‘You told her to go with the other bidder,’ says negotiator S joining the conversation. ‘It’s her fault for being greedy.’
S has a point, two very prominent ones, as it happens. When two parties were jostling for the Waterman’s home, I managed to negotiate a higher offer from both, without resorting to the unprofessional and ultimately destructive practice of revealing the other sides offer to each bidder, in a clumsy Dutch auction.
‘Give me your best offer and I’ll put it to my clients.’
‘But we need to know how much they’ve bid.’
You don’t. It’s a private treaty. And if you did, you’d only top it by a few pounds, in a spoiler bid. I’m here to get then the best possible price from the best possible bidder.
Turns out I only managed half of that equation.
‘I’d probably advise to go with the slightly lower offer, having looked at their position.’ I’d said to the Watermans.
‘You would say that wouldn’t you.’ Retorted Mr W. ‘It’s not your money.’
And it wont be yours either, if the chain of seven breaks somewhere along the protracted process, I’d thought. A chain of three, with no mortgage needed on two of the participants, was the better bet. You can tell people, but the won’t always listen when the pound signs are flashing in their head.
‘It doesn’t pay the bills by being right.’ I say to S and she looks at me gloomily.
‘People are complete f***ers.’ She replies, throwing her arms open and looking at the swear box.
An inappropriate response spools though my brain, but then I’m on to more pressing matters. How to save this deal.
Several phone calls later, I’ve discovered the first time buyers are splitting up, so short of a three hundred mile drive, some more tissues and a relationship counselling session, we’re looking for a new buyer. Needless to say the underbidder has found something else. It is worth a quick call, to try and ruin another agent’s day but I suspect the couple will tell the Waterman’s to twist. They do.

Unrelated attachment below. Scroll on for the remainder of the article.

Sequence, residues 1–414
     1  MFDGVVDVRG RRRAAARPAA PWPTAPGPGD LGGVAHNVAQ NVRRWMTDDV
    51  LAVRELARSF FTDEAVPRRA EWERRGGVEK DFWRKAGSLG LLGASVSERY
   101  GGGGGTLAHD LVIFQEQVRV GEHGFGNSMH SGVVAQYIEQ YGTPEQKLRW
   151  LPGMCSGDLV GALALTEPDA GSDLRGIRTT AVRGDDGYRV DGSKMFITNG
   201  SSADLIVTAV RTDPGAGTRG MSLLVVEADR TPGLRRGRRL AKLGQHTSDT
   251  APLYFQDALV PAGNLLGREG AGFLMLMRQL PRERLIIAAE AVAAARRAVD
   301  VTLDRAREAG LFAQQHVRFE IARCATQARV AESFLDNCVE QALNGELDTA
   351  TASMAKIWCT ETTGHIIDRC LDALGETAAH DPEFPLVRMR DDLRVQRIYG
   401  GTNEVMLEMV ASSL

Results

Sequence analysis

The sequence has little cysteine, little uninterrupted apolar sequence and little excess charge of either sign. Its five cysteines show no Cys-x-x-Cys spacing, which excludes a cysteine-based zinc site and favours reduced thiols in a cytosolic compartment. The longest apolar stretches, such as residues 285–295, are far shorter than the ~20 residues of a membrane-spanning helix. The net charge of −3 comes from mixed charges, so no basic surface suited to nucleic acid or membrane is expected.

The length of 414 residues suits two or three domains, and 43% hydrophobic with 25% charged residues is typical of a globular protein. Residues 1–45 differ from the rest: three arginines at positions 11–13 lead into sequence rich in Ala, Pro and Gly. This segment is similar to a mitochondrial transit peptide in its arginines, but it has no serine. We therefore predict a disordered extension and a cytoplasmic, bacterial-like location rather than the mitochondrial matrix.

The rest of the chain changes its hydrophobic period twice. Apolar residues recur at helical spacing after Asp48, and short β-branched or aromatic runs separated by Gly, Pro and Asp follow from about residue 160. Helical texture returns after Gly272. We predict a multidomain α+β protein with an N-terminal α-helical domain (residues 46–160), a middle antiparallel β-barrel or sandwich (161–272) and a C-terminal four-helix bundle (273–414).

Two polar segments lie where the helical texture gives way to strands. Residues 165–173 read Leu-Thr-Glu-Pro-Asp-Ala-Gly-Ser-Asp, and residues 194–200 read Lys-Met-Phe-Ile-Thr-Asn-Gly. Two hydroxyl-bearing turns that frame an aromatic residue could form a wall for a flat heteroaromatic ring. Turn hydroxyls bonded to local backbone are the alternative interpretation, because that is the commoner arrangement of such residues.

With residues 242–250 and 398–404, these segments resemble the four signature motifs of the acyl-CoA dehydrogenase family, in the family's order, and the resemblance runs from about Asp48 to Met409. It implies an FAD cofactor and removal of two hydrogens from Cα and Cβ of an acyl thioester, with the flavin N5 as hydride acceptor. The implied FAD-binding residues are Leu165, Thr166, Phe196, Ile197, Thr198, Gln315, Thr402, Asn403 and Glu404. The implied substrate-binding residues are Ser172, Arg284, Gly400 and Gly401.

‘Why is this happening to us?’ Snuffles Mrs Waterman when I’m sat in her lounge, later.
Because you don’t listen to professional advice, I ache to say.
‘Look at the state of this place.’ She whines, waving at the removal firm's boxes strewn everywhere. Yes, I told her not to start packing until contracts were exchanged - but once again….
‘I’m starting to think we just call the whole thing off.’ Says Mr Waterman.
Noooo, don’t do that fella.I’ve spent score of hours on this, not to mention the adverting, staff and viewing costs. You wouldn’t get this level of commitment from the on-line call-centre cowboys. They take the money up front then have no vested interest in whether you stay or go.
Late accompanied viewing tonight. Wish me luck.
Friday, July 13, 2018
‘The guy from the local comprehensive school wants to come and see you later.’ Says assistant manager T, as I re-enter the office.
‘Been hanging around the gates again?’ Asks bloated mortgage man M, with an unpleasant chuckle.
‘That’s not even funny.’ Snaps negotiator S, leaping to my defence. ‘There’s enough weirdos out there without you making tasteless jokes about them.’